Not only are we putting effort, but customers enjoy our co-op by returning to the shop. 

We take more accountability, we don’t send passive aggressive texts, and we’re super direct with each other by giving tips and helpful advice. 

“We’re all human and we’re not going to be perfect,” said Kat. 

Some important traits for people who want to run a co-op include dedication and wanting to be part of something bigger than yourself, according to Anelly. 

Kat agrees that running a co-op takes a lot of self motivation. Most of the time we work by ourselves so independence is key. 

“We’re not just a cog in the machine, but parts of a whole, in a good way,” said Kat. 

We’re able to speak at meetings and discuss each other's ideas with support. We want this business to grow as we also grow as humans.

At other jobs the position/title you have holds a lot of responsibility versus at the co-op we’re able to complete each other's tasks and fill in when needed. Not one person is responsible for everything and we’re able to take on each other's tasks.

According to Kat, Katy seemed happy for the transition as this was something she also wanted.

“When I first came here it was already a nice working environment and once it became a co-op there was this sense of gratitude that it has become this better thing than it already was,” said Kat. 

Two of our member-owners, Ry and Anthony, started off as customers and really supported the co-ops early beginnings. Working with Katy behind the scenes to turn Ethikli into what it is today.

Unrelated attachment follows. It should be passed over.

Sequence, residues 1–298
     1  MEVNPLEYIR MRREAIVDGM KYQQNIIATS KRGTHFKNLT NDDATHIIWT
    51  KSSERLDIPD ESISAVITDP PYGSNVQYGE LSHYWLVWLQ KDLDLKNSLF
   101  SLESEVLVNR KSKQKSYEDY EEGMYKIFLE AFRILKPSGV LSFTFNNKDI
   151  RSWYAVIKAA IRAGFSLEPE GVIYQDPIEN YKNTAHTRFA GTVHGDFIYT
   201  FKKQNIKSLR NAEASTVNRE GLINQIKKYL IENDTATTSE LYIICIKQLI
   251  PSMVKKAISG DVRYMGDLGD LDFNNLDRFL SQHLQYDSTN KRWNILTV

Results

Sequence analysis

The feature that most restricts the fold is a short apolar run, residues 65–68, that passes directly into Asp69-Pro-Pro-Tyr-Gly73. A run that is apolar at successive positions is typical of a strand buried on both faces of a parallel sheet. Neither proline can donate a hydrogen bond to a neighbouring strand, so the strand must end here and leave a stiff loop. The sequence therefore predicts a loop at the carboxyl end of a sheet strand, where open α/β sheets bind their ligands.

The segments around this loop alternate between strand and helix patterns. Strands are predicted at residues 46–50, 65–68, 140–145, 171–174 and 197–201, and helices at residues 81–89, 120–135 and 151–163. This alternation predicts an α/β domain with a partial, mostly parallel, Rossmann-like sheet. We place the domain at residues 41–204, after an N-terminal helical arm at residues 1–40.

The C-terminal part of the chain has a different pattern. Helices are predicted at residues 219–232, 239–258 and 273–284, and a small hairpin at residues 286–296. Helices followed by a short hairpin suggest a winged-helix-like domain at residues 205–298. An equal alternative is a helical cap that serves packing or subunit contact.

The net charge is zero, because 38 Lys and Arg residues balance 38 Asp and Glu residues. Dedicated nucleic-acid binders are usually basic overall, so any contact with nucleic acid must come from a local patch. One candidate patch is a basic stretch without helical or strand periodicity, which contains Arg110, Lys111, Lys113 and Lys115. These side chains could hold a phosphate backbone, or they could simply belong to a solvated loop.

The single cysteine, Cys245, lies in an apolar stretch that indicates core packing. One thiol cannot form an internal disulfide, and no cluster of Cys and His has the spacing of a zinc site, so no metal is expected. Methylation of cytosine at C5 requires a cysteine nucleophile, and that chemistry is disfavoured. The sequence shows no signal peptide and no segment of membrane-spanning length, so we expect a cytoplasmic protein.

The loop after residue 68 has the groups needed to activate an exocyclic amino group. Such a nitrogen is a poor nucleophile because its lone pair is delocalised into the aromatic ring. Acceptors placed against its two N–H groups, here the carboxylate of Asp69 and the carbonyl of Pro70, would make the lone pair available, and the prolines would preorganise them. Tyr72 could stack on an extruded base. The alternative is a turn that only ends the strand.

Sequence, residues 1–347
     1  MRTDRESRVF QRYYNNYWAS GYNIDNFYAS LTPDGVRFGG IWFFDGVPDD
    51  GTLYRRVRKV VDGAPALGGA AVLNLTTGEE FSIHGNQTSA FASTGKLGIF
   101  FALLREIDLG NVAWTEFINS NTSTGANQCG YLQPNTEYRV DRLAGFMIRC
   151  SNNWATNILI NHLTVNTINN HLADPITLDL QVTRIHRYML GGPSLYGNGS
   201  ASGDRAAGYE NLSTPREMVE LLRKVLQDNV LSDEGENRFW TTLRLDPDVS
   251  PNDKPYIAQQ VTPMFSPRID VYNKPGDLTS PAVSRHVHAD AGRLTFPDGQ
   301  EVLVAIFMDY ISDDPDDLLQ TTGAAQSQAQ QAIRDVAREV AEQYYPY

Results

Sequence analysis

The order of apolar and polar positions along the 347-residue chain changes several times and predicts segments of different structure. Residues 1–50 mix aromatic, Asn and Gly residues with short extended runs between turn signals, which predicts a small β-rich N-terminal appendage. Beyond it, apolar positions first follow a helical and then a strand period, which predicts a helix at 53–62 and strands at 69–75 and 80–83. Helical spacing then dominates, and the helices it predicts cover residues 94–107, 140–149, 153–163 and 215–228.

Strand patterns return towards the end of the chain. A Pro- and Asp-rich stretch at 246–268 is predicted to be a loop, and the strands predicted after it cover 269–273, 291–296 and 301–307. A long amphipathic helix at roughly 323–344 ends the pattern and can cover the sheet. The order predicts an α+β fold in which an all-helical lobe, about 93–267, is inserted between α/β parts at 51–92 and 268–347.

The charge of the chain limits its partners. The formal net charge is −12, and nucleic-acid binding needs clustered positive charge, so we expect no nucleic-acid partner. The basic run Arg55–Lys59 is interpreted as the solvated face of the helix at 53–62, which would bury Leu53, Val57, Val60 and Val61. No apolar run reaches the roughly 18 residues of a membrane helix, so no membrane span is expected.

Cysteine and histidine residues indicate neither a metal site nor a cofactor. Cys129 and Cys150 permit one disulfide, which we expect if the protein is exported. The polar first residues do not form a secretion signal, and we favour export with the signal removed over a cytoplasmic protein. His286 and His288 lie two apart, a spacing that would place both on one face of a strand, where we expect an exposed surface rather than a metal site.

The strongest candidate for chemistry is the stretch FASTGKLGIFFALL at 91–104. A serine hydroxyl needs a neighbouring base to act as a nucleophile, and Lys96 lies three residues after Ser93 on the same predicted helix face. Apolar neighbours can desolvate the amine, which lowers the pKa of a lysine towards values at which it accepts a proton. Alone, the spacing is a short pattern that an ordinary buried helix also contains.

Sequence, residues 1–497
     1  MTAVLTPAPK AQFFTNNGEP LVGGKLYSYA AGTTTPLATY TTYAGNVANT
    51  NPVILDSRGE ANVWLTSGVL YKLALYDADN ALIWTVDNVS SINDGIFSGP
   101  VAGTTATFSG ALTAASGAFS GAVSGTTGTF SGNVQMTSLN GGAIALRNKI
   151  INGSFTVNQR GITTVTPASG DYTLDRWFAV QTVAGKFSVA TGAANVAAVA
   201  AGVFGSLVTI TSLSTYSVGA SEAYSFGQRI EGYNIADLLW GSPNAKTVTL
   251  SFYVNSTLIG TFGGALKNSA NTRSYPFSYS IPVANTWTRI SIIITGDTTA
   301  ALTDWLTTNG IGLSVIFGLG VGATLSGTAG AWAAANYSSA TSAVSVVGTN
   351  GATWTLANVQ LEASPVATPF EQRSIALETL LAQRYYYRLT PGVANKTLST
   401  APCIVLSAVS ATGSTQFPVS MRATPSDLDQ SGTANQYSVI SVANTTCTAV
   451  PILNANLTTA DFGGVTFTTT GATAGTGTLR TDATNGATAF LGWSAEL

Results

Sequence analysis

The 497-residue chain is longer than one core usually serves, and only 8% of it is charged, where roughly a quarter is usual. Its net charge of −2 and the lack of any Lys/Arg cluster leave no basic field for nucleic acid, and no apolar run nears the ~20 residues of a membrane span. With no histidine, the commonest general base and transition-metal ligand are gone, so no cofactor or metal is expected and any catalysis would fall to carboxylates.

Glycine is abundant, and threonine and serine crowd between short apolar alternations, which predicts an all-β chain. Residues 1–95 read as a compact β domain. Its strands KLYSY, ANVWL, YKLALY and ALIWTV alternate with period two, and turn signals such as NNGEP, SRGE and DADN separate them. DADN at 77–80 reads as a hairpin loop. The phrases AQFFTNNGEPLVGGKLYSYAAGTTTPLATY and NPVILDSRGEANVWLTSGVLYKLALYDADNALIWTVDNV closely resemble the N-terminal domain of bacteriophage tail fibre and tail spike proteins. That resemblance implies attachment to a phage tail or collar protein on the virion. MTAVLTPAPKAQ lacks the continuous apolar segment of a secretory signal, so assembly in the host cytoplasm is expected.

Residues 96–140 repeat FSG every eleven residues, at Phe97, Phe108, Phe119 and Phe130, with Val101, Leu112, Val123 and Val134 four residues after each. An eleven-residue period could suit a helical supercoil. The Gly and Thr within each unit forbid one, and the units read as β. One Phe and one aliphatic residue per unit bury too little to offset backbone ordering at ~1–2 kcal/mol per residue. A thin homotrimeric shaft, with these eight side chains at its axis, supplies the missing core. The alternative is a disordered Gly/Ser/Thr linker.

We all have our strengths and our hobbies and we’ve all found ways to support our creative outlets through the co-op, whether it’s one of Treva’s poetry workshops or Anelly’s tea blend workshops. 

“It’s nice that we have the space to do so,” said Anelly, who also vends for the co-op by supplying chapstick. 

“It goes with my values and everything I believe in,” said Anelly. It’s exciting for her to have her own products in the shop. 

Kat, our social media wizard, has had a lot of fun and come out of her shell. 

“It’s fun to make things come to life,” said Kat. “I’m grateful for the opportunities. I feel like I have so much more room to grow here, which I didn't expect.”

We all have our talents and there are so many aspects to running a business, but through collaboration we each play an important part. 

Being here we don’t feel the pressure of having the title of ownership, because it’s a shared business. 

“It allows us to trust our own decision making skills,” said Kat. 

“It’s made me feel more confident,” said Anelly. 


As for me, Treva, I feel honored that I was chosen to take on member-ownership during the early transitional days of the co-op. 


I started out as a non-vegan with an interest in sustainability and have gone on my own personal journey as a member-owner by cutting out meat completely from my diet. 


The fact that the other member-owners took a chance on me means a lot and I’m personally excited to see where the business takes us as we each tackle different roles at the shop. 


Being a co-op has only made the team grow closer as we have so many shared values and support each other as well as respect each other in a way I’ve never felt before at my traditional jobs. 


To put it simply, co-ops rock and Long Beach needs more of them!